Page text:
We’ve all read about history in school books: an endless repetition of dry facts and dates, of people with unpronounceable names and long-forgotten titles. Yet history is filled with people who lived and breathed and moved in the background of wars and famines and empires. And it is these people who bring history alive, who lead the past and the present to mingle, who teach us the causes and consequences of historical events and who see history not as something distant, but as something personal and quotidian. Historical fiction, such as Drunk Bird Chronicles, allows us to do just that.
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Drunk Bird Chronicles (written by Malay Chatterjee and published by Speaking Tiger Books) is the hilariously bizarre and unorthodox tale of the Braganza Family as they juggle love and work and family. A hundred years and five generations of the family are traced amidst the backdrop of colonial India, two world wars and several independence struggles.
A London-based brothel owner almost drowns in a bathtub, coverts to baptism and makes his way to India for missionary works along with his faithful companion: an immortal bird. And that is how the story starts. Imagine the chaos that follows!
Drunk Bird Chronicles follows the large and diverse Braganza family, from Gareth Armstrong – an eccentric genius and philanthropist – to Asif Jackson Braganza – musical extraordinaire. The common thread between all generations is the family pet and adviser, Allegro the Immortal (Drunkard) Raven, who maintains a strange balance between sage advice, crude singing, and drunken grumblings.
Pros and Cons
Drunk Bird Chronicles is wild, and encapsulates the eccentricities that govern the main family. Numerous historical events are mentioned through the eyes and ears of the protagonists, from the Crowning of Queen Victoria as Empress of India, to the World Wars, to Indian Independence, up until the Emergency and beyond.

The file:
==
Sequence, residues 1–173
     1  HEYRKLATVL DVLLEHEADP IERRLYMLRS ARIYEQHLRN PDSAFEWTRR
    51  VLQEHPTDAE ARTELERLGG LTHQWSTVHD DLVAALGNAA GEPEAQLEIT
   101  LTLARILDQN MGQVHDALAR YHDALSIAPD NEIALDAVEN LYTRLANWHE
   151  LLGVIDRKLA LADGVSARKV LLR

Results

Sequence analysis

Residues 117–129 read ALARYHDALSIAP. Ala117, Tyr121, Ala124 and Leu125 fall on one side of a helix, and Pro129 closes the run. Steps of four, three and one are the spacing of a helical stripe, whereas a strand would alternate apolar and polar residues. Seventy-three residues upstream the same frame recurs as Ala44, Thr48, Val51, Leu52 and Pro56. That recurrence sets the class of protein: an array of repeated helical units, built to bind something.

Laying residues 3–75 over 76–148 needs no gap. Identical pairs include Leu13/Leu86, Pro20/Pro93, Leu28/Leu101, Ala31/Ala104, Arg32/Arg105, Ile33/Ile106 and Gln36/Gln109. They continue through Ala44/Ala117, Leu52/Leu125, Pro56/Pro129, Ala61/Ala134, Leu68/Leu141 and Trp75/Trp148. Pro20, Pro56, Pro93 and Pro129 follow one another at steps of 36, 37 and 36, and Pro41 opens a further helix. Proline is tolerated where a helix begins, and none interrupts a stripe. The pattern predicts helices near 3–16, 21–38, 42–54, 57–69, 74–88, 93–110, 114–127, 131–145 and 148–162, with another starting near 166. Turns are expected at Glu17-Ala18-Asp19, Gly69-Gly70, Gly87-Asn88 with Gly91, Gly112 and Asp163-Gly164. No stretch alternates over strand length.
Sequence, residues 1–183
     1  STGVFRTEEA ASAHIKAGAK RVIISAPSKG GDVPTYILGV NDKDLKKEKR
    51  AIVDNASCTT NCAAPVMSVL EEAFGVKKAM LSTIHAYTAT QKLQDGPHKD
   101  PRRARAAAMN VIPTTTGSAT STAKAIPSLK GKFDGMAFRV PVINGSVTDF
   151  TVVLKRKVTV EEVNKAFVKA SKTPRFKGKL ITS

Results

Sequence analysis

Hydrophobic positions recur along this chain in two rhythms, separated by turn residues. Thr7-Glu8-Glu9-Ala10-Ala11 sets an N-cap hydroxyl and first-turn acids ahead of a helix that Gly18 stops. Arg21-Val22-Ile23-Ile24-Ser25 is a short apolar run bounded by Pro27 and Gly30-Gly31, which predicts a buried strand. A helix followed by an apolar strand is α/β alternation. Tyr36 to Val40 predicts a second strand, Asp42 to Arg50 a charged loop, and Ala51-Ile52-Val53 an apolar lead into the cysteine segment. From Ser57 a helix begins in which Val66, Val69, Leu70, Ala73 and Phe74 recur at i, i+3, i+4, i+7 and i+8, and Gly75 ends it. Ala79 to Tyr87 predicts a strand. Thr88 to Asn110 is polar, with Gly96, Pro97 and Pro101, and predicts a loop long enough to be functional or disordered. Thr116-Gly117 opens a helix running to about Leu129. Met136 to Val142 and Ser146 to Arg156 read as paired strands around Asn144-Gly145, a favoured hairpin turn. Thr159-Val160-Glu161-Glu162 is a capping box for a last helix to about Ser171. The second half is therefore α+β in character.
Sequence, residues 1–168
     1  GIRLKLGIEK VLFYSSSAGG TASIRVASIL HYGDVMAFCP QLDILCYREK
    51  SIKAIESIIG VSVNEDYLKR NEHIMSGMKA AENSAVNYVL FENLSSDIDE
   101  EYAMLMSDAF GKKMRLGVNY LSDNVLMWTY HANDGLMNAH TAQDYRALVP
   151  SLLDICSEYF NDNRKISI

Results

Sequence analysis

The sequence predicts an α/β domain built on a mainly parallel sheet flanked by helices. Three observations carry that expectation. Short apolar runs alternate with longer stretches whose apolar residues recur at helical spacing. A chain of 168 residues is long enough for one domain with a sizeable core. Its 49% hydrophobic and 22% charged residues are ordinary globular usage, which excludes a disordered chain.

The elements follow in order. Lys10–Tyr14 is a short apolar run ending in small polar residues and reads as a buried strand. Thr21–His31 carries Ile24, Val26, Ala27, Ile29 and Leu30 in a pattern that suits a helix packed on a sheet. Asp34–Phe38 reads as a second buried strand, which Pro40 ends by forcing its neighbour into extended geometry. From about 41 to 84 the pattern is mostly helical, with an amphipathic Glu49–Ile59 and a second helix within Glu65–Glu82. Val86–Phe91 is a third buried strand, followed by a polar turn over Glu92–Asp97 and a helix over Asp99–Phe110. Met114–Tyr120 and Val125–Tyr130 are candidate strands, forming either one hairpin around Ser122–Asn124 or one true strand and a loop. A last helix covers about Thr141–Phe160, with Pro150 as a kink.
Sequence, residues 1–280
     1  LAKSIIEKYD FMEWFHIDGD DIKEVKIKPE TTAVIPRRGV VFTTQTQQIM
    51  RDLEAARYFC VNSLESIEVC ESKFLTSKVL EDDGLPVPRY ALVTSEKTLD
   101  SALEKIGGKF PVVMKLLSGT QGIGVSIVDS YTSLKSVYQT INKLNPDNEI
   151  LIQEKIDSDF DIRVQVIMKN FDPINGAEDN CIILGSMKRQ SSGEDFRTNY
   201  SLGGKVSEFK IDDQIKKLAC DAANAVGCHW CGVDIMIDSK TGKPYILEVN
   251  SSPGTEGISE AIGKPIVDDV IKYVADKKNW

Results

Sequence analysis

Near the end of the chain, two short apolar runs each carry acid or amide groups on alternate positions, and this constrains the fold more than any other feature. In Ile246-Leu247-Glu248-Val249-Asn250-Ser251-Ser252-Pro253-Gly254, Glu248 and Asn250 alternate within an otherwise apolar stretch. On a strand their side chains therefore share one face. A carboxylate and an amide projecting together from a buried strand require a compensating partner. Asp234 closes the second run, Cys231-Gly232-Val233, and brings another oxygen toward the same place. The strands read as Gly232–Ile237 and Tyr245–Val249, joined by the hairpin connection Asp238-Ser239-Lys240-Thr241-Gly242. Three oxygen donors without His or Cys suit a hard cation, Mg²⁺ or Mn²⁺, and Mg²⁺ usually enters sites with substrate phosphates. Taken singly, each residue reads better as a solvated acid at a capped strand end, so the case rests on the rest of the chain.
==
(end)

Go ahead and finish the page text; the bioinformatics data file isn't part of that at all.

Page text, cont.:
The Braganza family and it’s many diverse branches are a unique study in the vast cultural heritage of India. The strained relations between family members with different influences, languages, religions and aspirations reflects the larger worldwide struggles that characterised much of the 20th century, giving a uniquely individualised view into key historical events and how they affected people at a personal level.
The main issue with Drunk Bird Chronicles is that it attempts to cover five generations of a family – each with multiple characters – into a novel just shy of 400 pages. The result is a truckload of information thrown at the reader and many characters or plot points introduced and then abandoned with little to no resolution. From hurried conversations to landmark historical events to whirlwind romances, all are condensed into a few short pages, leaving no time for the readers to immerse themselves in the book. Despite being a relatively light-hearted story, the sheer amount of information contained every few pages makes it impossible to read without taking several breaks to process everything.
Allegro The Raven
Allegro the Immortal Raven lives up to the book title and is the star of Drunk Bird Chronicles. In him, we have a kindly grandfather, a foul-mouthed drunkard, an idealist and more, all neatly wrapped up in white feathers. He is the author’s tool to dispense worldly wisdom, brutal truths and third-party observations, and often adds a touch of humour as a comedic sidekick.
In him, readers have an outlet, as he often connects past to present, or makes observations and interjections on our behalf. Oddly though, Allegro doesn’t play as big a part in the second half of the book. Perhaps it was the increased number of characters that made it difficult to focus on Allegro as much, perhaps it was simply the direction the author intended to go all along. Either way, the absence of Allegro’s witty banter and sage advice takes away a big chunk of the charm of this story.
The cover is a relatively simplified attempt to represent the two main identifiers of this story: Allegro the White Raven, and the Braganza & Sons Piano Business. It does come across as a bit amateurish and doesn’t completely capture the essence of the story, just a few elements of it. It’s functional, but nothing beyond that.
The Drunk Bird Chronicles is a light-hearted story that has the potential to be thoroughly enjoyable but suffers from a classic case of the “I have to mention everything and everyone in great detail” syndrome that many first-time authors fall prey to. The characters are quirky and fun, if sometimes one-dimensional, but the complicated family interactions and history sprinkled throughout will nevertheless win the reader over.
Overall, it’s a fun read for young adults who have a taste for the bizarre and will keep you coming back for more of the Braganza Family’s ridiculous adventures.
Allegro was quite irritated by her visits. Fed up, he told her off one day: ‘Enough of your ranting and raving. Can’t you see how happy the child is now? What more could we want? Now buzz off. It’s my nap time.’